Nepali Times
Rationale for federalism


Himal: What is a federal system?
Krishna Khanal
: Federalism is a system of government in which the power to govern is constitutionally divided between a central governing authority and constituent political units. These units are called states or provinces, but I prefer to call them provinces as this term is frequently used in the Nepali context.

Each province has its own organs-legislative, executive and judiciary. These provinces can function independently and are also autonomous. They don't have to wait for the central government to pass acts and regulations. In short, there are two governments-central and provincial-under a federal system.

Can you clarify the differences between decentralisation and federalism?
They might sound similar to most people, which is natural because discussions have not yet started in this regard. But they are completely different in philosophy and concept. Federalism delegates power to the people of a province, whereas the central government gets power from the people. In a way, the federal set-up is bottom-up approach, which is quite the opposite of decentralisation where power is delegated from the centre to the periphery.

Why do we need federalism?
Federalism is required in our country due to the structure of society. The previous system could not address the ethnic, lingual and cultural diversity of our society. People's aspirations gradually started rising and there was no other way to address them. Federalism is a means to address all sorts of aspirations.

Is federalism the only way to address ethnic, lingual and cultural diversity?
Federalism recognises individual identity. But this identity is not necessarily ethnic or linguistic. Switzerland is a small country but there is ethnic and linguisitc diversity which is addressed through a federal system. India is a big country with wide diversity. Therefore, it adopted federalism.

Are there other reasons for Nepal to become a federal state?
It is also necessary for the country's development. Decentralisation could not bring development. Those representatives elected from the villages settle in Kathmandu and live a life of luxury. Decentralisation cannot be meaningful as long as the leadership is centralised. Therefore, federalism is necessary to expedite development activities and ensure the participation of the people.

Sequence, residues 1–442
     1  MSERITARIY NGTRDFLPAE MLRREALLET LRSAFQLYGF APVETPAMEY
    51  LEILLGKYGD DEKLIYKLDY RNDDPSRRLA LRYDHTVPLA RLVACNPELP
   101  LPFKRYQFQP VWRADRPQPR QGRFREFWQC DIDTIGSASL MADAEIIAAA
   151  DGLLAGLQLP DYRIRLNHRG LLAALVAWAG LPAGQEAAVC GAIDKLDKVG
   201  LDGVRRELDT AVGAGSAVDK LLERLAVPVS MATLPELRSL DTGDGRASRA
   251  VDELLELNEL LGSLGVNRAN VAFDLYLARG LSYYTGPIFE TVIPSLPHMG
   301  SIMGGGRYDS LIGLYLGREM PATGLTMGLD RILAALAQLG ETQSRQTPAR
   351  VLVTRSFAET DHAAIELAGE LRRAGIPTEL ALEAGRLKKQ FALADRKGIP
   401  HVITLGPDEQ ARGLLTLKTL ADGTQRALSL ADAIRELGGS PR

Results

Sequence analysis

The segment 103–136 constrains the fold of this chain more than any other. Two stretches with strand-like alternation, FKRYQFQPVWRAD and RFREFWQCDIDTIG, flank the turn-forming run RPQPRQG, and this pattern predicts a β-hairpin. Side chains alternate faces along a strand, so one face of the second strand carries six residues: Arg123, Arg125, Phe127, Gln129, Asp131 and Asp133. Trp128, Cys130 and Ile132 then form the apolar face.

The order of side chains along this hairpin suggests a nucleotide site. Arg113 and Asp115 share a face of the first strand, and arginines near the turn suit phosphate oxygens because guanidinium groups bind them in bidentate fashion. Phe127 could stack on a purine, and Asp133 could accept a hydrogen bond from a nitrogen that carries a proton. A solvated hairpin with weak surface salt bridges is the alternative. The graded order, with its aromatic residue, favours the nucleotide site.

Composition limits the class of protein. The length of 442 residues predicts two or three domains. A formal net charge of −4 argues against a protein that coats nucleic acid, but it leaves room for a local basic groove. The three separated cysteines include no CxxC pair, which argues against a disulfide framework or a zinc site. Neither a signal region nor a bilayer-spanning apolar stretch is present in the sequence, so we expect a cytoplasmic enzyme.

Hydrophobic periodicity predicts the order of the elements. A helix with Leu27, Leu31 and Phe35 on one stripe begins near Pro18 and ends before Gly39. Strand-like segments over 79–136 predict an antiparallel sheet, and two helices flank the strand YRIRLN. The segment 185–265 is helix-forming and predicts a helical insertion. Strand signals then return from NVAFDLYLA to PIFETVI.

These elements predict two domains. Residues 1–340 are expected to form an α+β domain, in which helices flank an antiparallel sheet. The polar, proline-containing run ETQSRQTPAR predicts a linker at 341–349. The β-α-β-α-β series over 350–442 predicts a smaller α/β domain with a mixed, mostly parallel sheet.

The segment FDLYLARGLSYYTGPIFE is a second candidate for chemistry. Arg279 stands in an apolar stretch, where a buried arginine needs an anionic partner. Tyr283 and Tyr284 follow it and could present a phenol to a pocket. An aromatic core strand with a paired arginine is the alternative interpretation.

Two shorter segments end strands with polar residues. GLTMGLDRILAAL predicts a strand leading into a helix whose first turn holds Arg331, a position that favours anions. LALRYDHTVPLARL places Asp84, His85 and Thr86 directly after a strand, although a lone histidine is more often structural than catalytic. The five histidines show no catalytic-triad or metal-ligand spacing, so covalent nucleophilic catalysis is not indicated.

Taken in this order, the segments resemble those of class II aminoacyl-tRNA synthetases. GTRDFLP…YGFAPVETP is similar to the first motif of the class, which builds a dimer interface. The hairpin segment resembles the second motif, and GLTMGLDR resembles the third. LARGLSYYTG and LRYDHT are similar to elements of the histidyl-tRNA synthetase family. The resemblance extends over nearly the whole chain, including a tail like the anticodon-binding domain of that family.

The development and utilisation of existing natural resources is not possible in a unitary state. Take Karnali for instance-rich in natural resources but reliant on food sent from Kathmandu. In a federal structure, there will be internal competition within the provinces. Some provinces have potential for tourism and others for water resources. It is federalism which opens avenues for competition.

There are 101 ethnic groups in Nepal. Should we have as many provinces?
This is not logical. It is the argument of those against federalism. It is not possible to give each ethnic group a state or province. We can create provinces in a manner to include major ethnic groups.

Then what do we do with the smaller groups?
We always have alternatives. For them, we can create 'cultural councils' within a province, which is widely practised in countries that have adopted federalism. Some even talk about sub-provinces. But it is impractical to create an autonomous sub-province for each ethnic group.

Decentralisation to some extent can address this issue at VDC level. Nepal cannot sustain too many provinces.

Doesn't the breakup of Yugoslavia show that federalism is not always the answer?
The federal system of Yugoslavia was not based on democratic norms, values and systems but on a communist system and principles. It was the same case in the Soviet Union. The party was run centrally while the state was federal. These are examples of how a politburo-controlled federalism fails. Democracy is the first condition in federalism.

Is federalism not necessary in relatively homogeneous countries like China?
In principle, China is running under a unitary system, not a federal one. By the time Hong Kong was returned, it adopted a 'one country, two systems' policy. Now we can say it has adopted a 'one country, three systems' policy as there are separate policies for Hong Kong, Macau and mainland China. There are autonomous regions for minorities within mainland China, for instance in Tibet and inner Mongolia.

Most countries become republics either after independence from colonialism or after winning a war. Are there countries where federalism was discussed as we are doing now?
Federal states have been established in two ways: sovereign states which had to unite for some reason, for example the USA, where there were 13 separate states under British colonial rule.

The previously unitary state of Belgium went federal in 1993. Voices were raised over ethnic, lingual and cultural issues in 1970, which continued to escalate and there was fear of the country breaking up in 1980. They created a new constitution in 1993 with a federal republic.

(11 JAN 2013 - 17 JAN 2013)